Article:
I'm not interested in warming up the "Python 2 or Python 3?" questions (even though the most recent one I found is over one year old), but I stumbled upon this claim:

You can write the Python 3 code under Python 2 if your file begins with the line:

from __future__ import absolute_import, division, generators, unicode_literals, print_function, nested_scopes, with_statement

With that line in place, your code will work with either Python 2 or Python 3. There may be rare cases in which it doesn't work, but I have not found any,

Is this true? Is this single line enough to make sure the code you write will run on both Python 2.x (>=2.5 I assume) and 3.x (assuming the modules imported are available in both)?

  • very related: python _2or3 module? Jun 19, 2012 at 15:45
  • You will need at least 2.6 for the important bits of that to work. With some fallbacks for renamed modules and functions, I think it's enough to get most simple Python 3 code working.
    – Thomas K
    Jun 19, 2012 at 16:18
  • @ThomasK I'm currently using 2.7 anyway, is there a valid reason to still use older versions for fresh code? (Support and maintenance are of course different issues) Jun 21, 2012 at 6:16
  • 1
    Not really, no. If you're writing new code, it's unlikely that anyone on versions older than 2.6 will want to use it.
    – Thomas K
    Jun 21, 2012 at 17:02
  • Worth reading: Cheat Sheet: Writing Python 2-3 compatible code Aug 12, 2016 at 7:07

6 Answers 6


I would say that no, this is baloney. Even with those imports, there are still significant differences between Python 2 and 3: for example, input() in Python 3 is like raw_input() in Python 2; range() in Python 3 is like xrange() in Python 2. In the case of xrange() you could probably get away with using range() in Python 2 as long as the ranges are small, but if they're large, your program could have very different memory usage under Python 2 and Python 3.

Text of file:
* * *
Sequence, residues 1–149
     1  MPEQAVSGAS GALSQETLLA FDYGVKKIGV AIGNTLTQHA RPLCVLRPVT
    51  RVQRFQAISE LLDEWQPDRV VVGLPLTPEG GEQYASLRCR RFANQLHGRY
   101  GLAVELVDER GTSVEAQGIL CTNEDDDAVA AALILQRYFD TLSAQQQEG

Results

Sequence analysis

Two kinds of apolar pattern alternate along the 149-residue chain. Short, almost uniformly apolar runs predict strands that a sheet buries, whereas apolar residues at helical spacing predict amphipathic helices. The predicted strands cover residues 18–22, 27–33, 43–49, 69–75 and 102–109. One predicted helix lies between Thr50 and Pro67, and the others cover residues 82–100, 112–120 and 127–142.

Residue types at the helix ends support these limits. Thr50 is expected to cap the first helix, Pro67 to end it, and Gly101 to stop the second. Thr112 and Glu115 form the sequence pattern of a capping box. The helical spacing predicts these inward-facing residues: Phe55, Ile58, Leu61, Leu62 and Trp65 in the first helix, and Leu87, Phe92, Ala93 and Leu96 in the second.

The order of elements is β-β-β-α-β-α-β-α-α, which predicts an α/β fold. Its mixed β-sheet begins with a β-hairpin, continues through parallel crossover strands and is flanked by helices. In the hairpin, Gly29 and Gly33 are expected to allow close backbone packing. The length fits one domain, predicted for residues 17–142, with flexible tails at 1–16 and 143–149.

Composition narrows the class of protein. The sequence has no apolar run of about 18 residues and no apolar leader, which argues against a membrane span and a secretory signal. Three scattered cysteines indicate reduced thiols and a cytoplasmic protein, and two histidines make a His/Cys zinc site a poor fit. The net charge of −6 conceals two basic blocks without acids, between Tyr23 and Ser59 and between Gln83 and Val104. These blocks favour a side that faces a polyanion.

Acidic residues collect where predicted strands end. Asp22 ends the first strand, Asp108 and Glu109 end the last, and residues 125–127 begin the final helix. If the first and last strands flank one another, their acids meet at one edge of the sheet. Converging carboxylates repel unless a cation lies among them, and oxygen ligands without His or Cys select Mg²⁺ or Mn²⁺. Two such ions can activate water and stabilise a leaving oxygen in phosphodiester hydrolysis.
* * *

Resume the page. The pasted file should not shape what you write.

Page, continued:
You could add something like this to your code:

    range = xrange
    input = raw_input
except NameError:

But then you've got to find all those edge cases and fix them up. For example, there are the keys() and values() methods of dict that return iterators in Python 3 but lists in Python 2, so you'd need to write a dict subclass that "fixes" that (and then never use dictionary literals in your code without wrapping them, since those would otherwise be of the built-in dict type).

I suppose that, by using __future__ and various fix-ups, and by limiting yourself to writing code in a subset of Python thus created that will run under both 2.x and 3.x, it might be possible to write code that runs in both versions. Seems like a lot of work, though. There's a reason there's a 2to3 utility...

  • Ah, I found this similar question mentioning this as well. I guess I'll try to use Python 3.x directly. Jun 19, 2012 at 15:47
  • Not that the 2to3 utility will guarantee it either. :-) Jun 21, 2012 at 2:47
  • Side-note: the future package backports range and super() among other things Aug 12, 2016 at 7:26

"It depends"

No: Adding these imports to your Python 2 code will not make it run under Python 3.

Yes: With these imports in place you can write code that runs under both Python 2 and Python 3.

But: Then again, you can do that without those imports as well, and several of them, such as unicode_literals have turned out to simply not be helpful. generators and with_statement have nothing to do with Python 2 to Python 3 at all, those are features added in versions of Python 2.

So in conclusion, these imports are a bit of a red herring, and the statement is more wrong than right.

However, that doesn't mean writing code that runs under both Python 2 and Python 3 is impossible, or even necessarily very hard. See http://python3porting.com/ for more info.

  • 2
    As a side-note, since 3.3 one can once again use u"unicode" Dec 9, 2014 at 9:28
  • from __future__ import absolute_import, division, generators, unicode_literals, print_function, nested_scopes, with_statement; input("as @kindall below mentions, there are some things that these imports will not address.") I think the "Yes" part of the answer above is trivial; print("hello world") without any imports still runs under both Python 2 and Python 3
    – emmagras
    May 13, 2015 at 16:18
  • 1